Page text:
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January 19, 1957


JAMA. 1957;163(3):180-182. doi:10.1001/jama.1957.82970380001007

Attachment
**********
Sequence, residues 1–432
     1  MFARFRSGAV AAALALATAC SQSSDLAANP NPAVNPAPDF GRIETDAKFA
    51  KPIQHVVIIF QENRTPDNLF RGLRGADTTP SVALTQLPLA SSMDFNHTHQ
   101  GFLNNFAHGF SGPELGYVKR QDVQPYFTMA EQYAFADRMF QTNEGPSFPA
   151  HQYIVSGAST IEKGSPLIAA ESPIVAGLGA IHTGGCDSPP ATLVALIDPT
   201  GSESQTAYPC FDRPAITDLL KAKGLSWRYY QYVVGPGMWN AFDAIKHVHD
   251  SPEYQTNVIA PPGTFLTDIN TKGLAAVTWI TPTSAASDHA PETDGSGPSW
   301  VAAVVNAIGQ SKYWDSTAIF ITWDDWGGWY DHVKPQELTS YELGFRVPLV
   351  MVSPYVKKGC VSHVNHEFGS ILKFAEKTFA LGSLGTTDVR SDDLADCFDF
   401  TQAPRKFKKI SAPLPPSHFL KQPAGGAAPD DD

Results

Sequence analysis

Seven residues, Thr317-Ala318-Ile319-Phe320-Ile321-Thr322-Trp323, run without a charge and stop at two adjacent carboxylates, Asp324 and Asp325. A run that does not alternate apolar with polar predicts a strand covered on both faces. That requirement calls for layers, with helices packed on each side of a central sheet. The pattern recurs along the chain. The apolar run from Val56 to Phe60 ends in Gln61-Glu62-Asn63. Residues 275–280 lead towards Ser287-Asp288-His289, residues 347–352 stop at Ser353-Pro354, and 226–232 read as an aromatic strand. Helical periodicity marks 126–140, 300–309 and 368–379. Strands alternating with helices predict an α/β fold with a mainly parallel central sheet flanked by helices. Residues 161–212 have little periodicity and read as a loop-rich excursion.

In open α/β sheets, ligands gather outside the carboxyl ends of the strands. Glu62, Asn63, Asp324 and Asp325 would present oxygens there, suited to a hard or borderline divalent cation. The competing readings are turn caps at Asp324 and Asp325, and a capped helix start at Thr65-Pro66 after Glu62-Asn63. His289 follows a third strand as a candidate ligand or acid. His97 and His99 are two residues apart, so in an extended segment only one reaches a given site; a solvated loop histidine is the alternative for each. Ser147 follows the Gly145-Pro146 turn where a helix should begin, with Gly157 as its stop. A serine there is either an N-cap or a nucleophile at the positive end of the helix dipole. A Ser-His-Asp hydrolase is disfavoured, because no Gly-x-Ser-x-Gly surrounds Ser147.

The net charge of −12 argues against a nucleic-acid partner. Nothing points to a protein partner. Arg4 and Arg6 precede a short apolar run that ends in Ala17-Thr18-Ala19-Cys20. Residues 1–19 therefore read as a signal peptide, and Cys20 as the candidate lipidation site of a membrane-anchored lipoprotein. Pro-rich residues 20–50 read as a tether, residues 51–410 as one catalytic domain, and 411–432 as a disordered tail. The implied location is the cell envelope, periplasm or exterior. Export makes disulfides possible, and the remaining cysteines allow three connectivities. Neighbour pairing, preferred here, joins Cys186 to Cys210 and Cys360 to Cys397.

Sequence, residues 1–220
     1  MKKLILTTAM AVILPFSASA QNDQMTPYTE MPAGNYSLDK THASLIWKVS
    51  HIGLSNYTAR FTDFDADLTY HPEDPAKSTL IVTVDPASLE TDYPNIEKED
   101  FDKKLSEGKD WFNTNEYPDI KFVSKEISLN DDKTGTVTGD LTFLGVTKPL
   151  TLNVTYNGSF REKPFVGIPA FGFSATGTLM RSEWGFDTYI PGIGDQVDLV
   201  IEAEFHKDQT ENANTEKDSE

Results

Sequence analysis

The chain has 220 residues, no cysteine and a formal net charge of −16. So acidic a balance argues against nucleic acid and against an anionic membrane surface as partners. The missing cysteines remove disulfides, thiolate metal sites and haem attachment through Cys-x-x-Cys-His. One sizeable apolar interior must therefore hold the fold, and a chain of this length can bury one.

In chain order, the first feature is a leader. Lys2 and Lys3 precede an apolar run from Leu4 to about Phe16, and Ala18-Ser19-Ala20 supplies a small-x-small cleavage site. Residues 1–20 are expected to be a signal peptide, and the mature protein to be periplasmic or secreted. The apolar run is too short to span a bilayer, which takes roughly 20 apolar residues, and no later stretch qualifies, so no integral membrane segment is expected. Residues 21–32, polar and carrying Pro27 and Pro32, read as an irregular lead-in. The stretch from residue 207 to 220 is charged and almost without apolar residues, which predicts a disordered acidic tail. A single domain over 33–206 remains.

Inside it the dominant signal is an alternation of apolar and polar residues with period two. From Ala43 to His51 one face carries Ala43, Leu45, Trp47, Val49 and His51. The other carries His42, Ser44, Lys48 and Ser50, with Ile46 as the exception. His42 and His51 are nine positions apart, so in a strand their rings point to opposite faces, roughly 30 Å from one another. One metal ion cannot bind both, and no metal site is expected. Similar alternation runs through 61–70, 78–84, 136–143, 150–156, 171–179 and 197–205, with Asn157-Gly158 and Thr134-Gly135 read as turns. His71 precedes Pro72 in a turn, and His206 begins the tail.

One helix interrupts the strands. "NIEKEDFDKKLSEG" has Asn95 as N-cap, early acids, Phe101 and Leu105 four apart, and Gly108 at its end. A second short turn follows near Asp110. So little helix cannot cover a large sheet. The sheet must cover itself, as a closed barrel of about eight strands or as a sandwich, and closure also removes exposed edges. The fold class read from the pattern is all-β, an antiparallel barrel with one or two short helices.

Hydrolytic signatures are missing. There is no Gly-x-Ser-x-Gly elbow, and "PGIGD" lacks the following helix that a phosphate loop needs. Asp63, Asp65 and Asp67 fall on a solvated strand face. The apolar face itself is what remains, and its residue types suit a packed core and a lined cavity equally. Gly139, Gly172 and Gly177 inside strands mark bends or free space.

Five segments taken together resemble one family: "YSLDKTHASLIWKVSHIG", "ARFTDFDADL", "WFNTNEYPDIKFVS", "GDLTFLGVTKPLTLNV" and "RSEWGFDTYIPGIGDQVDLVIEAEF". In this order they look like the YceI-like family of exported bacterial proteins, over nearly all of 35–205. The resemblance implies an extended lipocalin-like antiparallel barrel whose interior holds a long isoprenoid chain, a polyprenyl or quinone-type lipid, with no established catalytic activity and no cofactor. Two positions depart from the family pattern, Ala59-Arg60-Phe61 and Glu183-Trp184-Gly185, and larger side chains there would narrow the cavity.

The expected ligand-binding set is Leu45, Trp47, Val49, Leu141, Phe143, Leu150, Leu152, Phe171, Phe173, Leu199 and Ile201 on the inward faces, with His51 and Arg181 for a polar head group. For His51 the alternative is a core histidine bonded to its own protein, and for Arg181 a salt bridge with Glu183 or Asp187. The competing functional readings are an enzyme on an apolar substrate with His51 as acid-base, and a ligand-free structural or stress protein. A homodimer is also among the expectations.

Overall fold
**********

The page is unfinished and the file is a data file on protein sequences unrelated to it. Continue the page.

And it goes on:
Contagious abortion in cattle has been of serious concern to breeders of livestock for centuries. In 1897, Bang1 reported that he had recovered the etiological agent, which was later designated as Brucella abortus. McFadyean and Stockman2 confirmed this observation in England shortly thereafter, but they pointed out that not all instances of contagious abortion could be ascribed to Brucella organisms. They also incriminated a species of Vibrio known as Vibrio fetus as a cause of bovine abortion, and especially of abortion in sheep. In a series of investigations instituted later by Smith3 in the United States, V. fetus was also found to be a common cause of abortion in cattle. Smith4 described the characteristics of the micro-organisms in detail. In the United States, vibriosis in cattle is now looked upon as a common cause of abortion and may possibly equal, if not exceed, brucellosis in economic